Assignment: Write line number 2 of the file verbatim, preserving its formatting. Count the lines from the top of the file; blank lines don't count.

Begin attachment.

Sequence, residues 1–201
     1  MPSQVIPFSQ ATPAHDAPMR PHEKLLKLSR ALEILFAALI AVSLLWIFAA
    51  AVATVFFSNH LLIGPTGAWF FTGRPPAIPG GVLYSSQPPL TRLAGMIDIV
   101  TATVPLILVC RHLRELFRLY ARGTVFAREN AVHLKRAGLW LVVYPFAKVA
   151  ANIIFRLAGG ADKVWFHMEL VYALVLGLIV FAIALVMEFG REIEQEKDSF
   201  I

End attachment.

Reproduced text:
     1  MPSQVIPFSQ ATPAHDAPMR PHEKLLKLSR ALEILFAALI AVSLLWIFAA